Behind DataBall: A Discussion on the Methodology of Expected Possession Value
On Thursday, Grantland published “DataBall,” a piece by Kirk Goldsberry that looks inside the brave new world of SportVU data and how it could change how we quantify what happens during an NBA game. It also introduced a new statistic, Expected Possession Value (EPV), which posits that you can estimate the predicted point value of any moment during any possession of an NBA game. Heady stuff! We wanted to hear more about the methodology behind EPV from the people who are most familiar with it, Harvard PhD students Alex D’Amour and Dan Cervone. Below is a Q&A between them and Goldsberry, discussing the process behind EPV and the possible future uses for the stat.
What would you guys say inspired the key ideas behind “DataBall” and Expected Possession Value?
Alex D’Amour: When I was an undergrad, I read an interview where Carl Morris, a professor in our department, described an expected runs model for baseball that allowed you to take the number of outs and the configuration of runners on base, and compute the expected number of runs the batting team would drive in before the end of the inning. It was beautiful — a way to answer the question in every fan’s gut: “How well is my team doing right now?” — in terms you could see on the scoreboard.
Since then, I had wondered whether such a model could also be developed for more free-flowing sports like basketball or soccer. Without optical tracking data, it seemed pretty far-fetched. That was in 2008. By the time Kirk and Luke [Bornn, a professor of spatial statistics at Harvard] came to us with the data in 2013, I’d been thinking about a model like this for almost five years.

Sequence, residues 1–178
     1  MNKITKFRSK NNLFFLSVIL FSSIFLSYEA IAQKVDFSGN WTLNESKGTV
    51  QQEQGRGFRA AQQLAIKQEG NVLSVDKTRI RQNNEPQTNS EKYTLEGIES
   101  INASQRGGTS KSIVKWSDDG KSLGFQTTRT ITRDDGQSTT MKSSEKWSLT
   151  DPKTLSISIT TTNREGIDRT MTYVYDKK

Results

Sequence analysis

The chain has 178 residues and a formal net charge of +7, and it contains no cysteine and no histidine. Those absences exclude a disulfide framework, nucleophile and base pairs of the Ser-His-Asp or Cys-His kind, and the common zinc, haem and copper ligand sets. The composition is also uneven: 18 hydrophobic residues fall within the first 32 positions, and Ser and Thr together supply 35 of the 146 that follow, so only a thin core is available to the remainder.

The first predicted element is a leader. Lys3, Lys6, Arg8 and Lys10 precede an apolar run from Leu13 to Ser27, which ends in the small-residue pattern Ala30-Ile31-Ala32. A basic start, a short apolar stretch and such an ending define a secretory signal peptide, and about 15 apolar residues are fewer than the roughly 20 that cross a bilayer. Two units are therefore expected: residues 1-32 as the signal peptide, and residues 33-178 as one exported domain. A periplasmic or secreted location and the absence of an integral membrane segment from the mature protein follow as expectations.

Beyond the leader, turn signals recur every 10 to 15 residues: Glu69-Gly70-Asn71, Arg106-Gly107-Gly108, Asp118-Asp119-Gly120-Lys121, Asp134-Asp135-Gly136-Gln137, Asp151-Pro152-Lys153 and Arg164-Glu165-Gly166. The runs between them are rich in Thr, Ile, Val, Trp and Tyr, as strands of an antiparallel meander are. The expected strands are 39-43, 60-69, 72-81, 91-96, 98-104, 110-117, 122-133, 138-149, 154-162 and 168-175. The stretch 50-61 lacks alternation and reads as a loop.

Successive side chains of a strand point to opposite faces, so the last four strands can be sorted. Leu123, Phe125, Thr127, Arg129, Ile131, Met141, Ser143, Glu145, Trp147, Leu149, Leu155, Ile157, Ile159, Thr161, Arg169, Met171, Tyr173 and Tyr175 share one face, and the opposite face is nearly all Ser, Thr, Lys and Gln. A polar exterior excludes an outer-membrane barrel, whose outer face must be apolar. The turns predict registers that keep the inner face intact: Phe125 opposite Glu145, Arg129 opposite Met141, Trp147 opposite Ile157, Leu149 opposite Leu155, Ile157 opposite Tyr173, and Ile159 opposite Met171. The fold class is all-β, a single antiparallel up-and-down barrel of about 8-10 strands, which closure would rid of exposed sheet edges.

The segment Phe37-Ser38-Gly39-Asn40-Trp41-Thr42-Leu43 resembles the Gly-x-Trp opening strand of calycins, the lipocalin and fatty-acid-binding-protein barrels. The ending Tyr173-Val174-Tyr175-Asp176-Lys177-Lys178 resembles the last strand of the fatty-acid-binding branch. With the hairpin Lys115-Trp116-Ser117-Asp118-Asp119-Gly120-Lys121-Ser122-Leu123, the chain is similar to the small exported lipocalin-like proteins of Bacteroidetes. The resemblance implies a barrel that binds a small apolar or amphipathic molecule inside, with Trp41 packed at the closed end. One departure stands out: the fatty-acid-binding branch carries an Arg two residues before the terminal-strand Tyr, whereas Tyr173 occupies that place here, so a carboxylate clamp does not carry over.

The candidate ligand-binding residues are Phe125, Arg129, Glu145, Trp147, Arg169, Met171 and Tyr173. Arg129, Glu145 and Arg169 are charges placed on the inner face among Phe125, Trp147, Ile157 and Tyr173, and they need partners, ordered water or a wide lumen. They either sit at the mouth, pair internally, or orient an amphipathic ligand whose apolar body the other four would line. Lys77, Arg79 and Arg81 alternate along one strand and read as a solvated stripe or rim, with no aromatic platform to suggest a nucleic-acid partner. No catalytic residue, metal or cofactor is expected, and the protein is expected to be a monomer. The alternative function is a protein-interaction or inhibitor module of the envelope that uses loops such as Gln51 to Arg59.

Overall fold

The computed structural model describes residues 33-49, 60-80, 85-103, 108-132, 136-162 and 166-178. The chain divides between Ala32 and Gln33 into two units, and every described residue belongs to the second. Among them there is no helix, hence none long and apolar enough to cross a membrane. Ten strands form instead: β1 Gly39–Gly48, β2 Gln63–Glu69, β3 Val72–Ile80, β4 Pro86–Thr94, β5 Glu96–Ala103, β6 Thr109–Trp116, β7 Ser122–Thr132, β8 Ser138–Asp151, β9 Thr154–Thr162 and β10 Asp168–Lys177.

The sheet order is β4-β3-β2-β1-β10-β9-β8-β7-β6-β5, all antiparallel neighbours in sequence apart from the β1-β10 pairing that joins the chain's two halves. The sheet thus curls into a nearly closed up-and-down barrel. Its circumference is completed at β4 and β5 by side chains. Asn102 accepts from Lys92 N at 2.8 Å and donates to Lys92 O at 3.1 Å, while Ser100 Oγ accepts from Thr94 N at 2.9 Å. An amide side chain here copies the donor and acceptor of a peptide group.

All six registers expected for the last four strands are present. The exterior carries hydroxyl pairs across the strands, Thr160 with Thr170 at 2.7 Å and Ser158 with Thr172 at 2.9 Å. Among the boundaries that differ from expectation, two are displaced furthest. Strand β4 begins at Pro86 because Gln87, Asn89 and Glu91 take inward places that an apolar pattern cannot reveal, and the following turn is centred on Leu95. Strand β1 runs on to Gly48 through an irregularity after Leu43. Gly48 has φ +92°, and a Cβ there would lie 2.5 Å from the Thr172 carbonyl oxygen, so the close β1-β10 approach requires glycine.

Dan Cervone: When we were initially talking about modeling the real-time expected value of an NBA possession, we were imagining one of those mood ticker graphics we saw running at the bottom of the presidential debates on CNN and other networks. Those would spike up every time someone said the words “create jobs” and nosedive every time someone said the words “binders full of women.” Could we do the same thing for basketball, using statistical and machine learning methods in place of fans with mood knobs, and recognize when the value of a possession skyrockets or plummets?
This is obviously a computationally intense project. What would you say was the hardest part?
D’Amour: Fitting the sub-model that tells you how likely a player is to pass to his teammate given the spatial positions of both. To get realistic estimates of EPV, you have to fit this model for each player to capture his tendencies, and for each player, you have to know how the pass probability changes as the positions of the player and his four teammate change. This boils down to estimating four four-dimensional surfaces for each player … try wrapping your head around that. And that’s just for passing. There’s a similar problem that we had to solve for shooting as well. Dan did a great job of designing this model and putting together the software pipeline that did the estimation very efficiently.
Cervone: That efficiency is relative. Even though we used some approximations and state-of-the-art algorithms for estimating the shot and pass surfaces, those parts of the model took several hours to run — on 500 processors with two terabytes of memory. Thankfully we had Harvard’s Research Computing clusters rather than our own laptops, which probably would have melted after a few days under this computational load.
We also needed to design hierarchical models to share information between players in our data set. This helps us estimate the probabilities of events we rarely see; for instance, Dwight Howard is 2-for-2 on his corner 3 attempts this year … but do you really think he’ll sink that shot every time? (Our model thinks it’s more like 22 percent.)